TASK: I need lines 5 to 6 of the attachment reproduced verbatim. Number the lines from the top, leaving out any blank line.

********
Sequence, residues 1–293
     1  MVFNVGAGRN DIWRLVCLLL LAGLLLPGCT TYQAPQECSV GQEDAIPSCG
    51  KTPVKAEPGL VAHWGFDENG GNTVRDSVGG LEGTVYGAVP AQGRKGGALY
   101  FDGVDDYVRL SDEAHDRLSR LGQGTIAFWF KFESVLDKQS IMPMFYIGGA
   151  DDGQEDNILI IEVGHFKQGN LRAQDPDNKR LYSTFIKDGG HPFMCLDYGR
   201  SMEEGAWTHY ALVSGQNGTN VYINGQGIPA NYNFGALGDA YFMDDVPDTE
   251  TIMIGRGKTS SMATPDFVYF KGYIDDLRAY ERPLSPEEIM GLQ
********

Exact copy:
   151  DDGQEDNILI IEVGHFKQGN LRAQDPDNKR LYSTFIKDGG HPFMCLDYGR
   201  SMEEGAWTHY ALVSGQNGTN VYINGQGIPA NYNFGALGDA YFMDDVPDTE